It’s that time of year again: A study, published back in 2014 – and heavily reported on at the time – has cropped up, this time courtesy of The Independent. It’s titled “‘A Diamond is Forever’ and Other Fairy Tales: The Relationship between Wedding Expenses and Marriage Duration”, and every single year, it gets reported on – presumably because people are always getting married, and, well, you know.
Conducted by the National University of Singapore and Emory University, it used data taken from a survey of around 3,000 ever-married people in the US. Attempting to control for a range of relationship and demographic aspects, they uncovered a few correlations – the standout of which is that marriage duration is negatively associated with the amount spent on the engagement ring and the wedding ceremony.
More specifically, they found that expenditure on the wedding ring is inversely associated with marriage duration among male respondents. Conversely, it’s expenditure on the wedding itself that’s the negative correlation with female respondents. At the same time, low spending on the wedding is positively correlated with duration among both respondents.
Now, before we go any further, have you heard of a website known as Spurious Correlations? It’s great. It shows how you can match up any two factors that are genuinely unrelated in every way, and you can sometimes get a very strong positive correlation.
Here’s an example: The number of people who drowned after falling out of a fishing boat correlated very well with the marriage rate in Kentucky. There’s also a solid correlation between the number of people who died falling out of their bed and lawyer numbers in Puerto Rico.
The point of the website is to amusingly demonstrate that correlation isn’t necessarily causation. You can probably see where I’m going with this: No, you can’t take this otherwise fine study looking at correlations in the matrimony realm – say, money spent on weddings and divorce rates – and say that there’s a direct link there. It’s just an interesting correlation.
The study does make for an interesting read. Its most broadcast finding is a commentary on how expensive weddings are almost encouraged these days. Indeed, the authors note that “the industry message that associates wedding expenditures with longer-lasting marriages has never been statistically evaluated.”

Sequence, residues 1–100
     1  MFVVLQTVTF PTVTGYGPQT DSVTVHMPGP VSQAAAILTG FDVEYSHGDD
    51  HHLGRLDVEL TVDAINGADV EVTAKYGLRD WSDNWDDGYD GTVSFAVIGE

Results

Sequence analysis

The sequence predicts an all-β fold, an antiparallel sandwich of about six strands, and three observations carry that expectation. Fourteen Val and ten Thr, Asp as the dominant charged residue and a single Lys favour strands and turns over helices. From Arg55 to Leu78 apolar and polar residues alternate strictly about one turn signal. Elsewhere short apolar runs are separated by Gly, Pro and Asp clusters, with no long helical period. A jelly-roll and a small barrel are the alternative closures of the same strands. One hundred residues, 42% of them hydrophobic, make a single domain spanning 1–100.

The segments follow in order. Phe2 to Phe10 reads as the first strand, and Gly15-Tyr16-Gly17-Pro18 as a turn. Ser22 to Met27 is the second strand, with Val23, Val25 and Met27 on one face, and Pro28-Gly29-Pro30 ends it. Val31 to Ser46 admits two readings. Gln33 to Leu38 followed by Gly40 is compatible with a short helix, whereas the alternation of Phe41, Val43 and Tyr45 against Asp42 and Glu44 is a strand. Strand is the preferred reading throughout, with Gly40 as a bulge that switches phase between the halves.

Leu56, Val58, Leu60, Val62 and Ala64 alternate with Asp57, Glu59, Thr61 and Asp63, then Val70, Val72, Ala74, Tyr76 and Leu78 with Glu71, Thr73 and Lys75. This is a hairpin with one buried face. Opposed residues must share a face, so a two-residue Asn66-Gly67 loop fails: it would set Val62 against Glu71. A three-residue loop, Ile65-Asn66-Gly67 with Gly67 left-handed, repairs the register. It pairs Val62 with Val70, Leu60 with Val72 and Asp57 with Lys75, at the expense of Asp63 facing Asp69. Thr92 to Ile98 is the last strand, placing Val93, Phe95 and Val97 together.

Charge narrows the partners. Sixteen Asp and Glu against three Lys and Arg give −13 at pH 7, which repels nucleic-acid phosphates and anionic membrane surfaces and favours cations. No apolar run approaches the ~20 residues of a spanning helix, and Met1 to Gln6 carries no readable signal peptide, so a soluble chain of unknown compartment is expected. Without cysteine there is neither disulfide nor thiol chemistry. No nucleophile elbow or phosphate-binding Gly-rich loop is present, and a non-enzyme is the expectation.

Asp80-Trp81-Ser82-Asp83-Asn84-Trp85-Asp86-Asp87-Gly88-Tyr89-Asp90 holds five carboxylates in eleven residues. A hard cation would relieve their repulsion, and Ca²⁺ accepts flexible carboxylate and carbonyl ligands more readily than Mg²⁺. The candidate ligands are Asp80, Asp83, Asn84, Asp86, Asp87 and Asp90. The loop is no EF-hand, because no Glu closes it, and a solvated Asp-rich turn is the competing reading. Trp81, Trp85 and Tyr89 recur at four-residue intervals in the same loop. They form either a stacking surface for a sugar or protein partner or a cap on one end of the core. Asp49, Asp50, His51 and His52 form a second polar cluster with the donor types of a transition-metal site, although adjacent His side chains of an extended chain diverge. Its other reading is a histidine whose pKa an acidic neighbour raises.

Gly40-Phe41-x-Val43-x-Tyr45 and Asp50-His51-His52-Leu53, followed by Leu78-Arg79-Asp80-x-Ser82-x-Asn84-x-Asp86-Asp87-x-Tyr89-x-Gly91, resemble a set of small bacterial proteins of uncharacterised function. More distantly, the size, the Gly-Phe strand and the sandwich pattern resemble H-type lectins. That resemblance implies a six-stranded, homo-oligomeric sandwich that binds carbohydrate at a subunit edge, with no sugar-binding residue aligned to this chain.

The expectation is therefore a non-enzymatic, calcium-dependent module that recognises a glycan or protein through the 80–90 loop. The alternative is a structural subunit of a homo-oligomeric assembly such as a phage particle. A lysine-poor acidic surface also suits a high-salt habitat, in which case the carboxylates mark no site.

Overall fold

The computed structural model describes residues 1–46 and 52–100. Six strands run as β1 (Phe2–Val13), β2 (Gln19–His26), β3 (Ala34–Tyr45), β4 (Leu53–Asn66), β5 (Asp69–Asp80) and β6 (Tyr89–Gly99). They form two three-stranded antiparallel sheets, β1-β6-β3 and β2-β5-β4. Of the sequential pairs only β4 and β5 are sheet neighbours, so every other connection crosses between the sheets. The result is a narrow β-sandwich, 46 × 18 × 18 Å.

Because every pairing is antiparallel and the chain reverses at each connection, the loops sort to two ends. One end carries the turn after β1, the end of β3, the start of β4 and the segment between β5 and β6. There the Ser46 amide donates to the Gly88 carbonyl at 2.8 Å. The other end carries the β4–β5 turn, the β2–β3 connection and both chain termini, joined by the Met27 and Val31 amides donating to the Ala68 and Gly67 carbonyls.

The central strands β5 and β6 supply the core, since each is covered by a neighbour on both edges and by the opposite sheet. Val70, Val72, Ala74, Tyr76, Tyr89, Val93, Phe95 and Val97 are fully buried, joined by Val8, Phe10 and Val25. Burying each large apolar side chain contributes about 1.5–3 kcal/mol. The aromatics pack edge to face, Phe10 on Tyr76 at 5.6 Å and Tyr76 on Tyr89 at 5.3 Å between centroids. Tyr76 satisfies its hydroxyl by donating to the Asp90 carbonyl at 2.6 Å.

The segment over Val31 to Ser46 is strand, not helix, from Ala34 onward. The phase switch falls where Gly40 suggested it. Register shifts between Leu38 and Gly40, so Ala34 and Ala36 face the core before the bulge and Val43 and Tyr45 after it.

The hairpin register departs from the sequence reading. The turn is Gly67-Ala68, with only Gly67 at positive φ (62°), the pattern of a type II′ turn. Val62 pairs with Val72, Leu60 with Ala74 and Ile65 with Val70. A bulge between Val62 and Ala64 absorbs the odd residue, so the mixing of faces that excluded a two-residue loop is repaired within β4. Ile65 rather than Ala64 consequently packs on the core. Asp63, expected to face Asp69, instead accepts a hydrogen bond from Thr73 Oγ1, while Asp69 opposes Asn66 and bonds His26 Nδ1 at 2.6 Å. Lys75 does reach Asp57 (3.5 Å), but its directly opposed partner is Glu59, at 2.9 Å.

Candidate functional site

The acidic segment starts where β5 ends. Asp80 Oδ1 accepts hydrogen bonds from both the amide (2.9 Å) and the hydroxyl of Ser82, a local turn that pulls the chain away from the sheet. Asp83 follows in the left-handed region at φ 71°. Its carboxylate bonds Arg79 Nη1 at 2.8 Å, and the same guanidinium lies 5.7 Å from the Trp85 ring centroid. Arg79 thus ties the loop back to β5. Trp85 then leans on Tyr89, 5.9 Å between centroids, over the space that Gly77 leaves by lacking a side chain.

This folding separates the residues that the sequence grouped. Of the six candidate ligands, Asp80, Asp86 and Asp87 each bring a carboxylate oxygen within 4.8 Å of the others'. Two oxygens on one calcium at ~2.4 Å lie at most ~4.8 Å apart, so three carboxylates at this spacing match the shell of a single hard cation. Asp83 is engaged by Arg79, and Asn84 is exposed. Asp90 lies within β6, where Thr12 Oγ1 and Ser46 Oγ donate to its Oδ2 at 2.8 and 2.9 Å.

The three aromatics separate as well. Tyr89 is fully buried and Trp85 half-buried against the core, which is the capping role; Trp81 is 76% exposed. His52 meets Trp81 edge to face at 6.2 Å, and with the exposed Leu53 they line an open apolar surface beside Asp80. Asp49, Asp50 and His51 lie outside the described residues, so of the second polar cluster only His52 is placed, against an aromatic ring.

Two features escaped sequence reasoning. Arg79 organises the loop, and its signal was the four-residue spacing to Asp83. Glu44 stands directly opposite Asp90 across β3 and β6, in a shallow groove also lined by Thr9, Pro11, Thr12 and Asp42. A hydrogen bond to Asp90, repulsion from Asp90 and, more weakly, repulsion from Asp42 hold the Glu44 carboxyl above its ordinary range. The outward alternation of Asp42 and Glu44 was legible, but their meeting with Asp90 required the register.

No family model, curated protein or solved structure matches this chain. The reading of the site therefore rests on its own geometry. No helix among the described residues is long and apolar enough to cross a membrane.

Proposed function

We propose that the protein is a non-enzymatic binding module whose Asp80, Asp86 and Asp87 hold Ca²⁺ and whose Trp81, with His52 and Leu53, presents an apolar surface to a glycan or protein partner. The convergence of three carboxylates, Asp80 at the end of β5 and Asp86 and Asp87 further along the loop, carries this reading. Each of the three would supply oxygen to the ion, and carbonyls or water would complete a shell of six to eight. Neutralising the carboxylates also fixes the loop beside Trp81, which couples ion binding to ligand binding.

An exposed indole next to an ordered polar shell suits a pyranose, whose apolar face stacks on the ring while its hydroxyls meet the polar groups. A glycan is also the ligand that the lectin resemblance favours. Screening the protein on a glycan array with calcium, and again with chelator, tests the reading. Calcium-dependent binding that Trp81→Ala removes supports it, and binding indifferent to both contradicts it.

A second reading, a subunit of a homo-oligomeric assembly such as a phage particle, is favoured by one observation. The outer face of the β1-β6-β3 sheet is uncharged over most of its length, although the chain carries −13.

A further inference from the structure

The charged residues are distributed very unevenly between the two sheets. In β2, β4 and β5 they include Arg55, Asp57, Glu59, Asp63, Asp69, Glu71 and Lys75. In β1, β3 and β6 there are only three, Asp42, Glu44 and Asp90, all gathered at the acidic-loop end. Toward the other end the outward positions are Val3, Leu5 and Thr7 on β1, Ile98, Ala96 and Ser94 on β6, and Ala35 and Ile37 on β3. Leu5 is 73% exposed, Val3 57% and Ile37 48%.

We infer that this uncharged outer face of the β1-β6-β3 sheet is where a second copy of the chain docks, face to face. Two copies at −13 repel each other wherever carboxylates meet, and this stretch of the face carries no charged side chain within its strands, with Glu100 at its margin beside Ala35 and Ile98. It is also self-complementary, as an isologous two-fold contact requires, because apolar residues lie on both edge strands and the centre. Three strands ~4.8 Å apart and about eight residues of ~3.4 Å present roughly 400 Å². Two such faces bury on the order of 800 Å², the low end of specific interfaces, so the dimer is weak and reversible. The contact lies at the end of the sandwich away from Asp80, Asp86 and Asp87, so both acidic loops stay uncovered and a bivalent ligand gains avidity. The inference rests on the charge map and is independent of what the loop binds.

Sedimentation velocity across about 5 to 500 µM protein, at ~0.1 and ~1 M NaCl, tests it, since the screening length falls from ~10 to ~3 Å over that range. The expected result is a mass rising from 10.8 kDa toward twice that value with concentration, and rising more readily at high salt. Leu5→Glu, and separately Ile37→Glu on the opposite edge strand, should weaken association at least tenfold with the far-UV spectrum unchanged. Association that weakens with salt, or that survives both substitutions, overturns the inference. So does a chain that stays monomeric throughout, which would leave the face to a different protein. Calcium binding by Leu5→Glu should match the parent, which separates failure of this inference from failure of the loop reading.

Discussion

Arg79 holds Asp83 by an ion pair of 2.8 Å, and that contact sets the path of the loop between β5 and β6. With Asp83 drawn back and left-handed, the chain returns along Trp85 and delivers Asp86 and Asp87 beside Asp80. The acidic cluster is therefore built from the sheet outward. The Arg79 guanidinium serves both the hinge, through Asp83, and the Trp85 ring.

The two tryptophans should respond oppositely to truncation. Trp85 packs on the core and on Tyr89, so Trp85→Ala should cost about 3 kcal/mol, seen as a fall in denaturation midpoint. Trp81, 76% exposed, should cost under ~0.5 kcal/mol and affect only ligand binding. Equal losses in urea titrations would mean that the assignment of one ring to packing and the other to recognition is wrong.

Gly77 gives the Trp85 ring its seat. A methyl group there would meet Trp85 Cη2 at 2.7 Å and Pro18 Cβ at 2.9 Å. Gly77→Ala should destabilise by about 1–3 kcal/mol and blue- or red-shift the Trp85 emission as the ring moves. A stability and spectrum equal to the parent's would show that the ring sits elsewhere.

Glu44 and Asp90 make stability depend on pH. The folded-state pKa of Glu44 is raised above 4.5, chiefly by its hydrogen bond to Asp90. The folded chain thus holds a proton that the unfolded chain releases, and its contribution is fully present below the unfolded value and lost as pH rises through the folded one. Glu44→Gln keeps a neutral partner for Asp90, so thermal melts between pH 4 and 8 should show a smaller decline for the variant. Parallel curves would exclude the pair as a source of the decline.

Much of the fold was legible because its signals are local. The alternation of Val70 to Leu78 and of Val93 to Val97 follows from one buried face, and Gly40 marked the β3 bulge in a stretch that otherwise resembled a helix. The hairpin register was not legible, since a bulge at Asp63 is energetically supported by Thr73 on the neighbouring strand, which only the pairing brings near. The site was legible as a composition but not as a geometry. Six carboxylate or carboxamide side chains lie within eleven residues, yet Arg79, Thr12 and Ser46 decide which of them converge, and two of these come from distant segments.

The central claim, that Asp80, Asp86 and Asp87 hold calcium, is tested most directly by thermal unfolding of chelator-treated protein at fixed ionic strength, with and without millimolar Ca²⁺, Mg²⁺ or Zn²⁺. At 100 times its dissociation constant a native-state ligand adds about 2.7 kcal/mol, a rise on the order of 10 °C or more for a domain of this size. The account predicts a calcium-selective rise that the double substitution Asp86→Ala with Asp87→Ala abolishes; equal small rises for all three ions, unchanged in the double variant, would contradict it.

Encouraging people to spend a shit-ton on weddings and engagements is a clearly manipulative move. Remember that, although the concept of using a diamond ring to propose dates back to the Imperial Court of Vienna in the 15th century, it was catapulted to the mainstream by a 1940s ad campaign driven by De Beers, a diamond company. Convenient, eh?
Weddings don’t have to be crazy expensive. Or they can be – it’s your choice. It’s very likely that there are plenty of other lifestyle, romantic, and situational factors that affect the longevity of a marriage that also vary with disposable income. Money isn’t the be-all and end-all factor.
As The Atlantic points out, a strong marriage is an intentional one, not a frivolous decision made after a brief dating period – another of the study’s correlations.
Another positive correlation? Going on a honeymoon and longer lasting marriages. Travel’s more fun than tradition anyway, surely. The authors of the study also suggest that spending more equals more debt, more future stress, and more cracks in the relationship.
The TL;DR is that you should do whatever wedding you like. Just don’t feel like you have to break the bank. Or, as the authors summarize: “Overall, our findings provide little evidence to support the validity of the wedding industry’s message connecting expensive weddings with positive marital outcome.”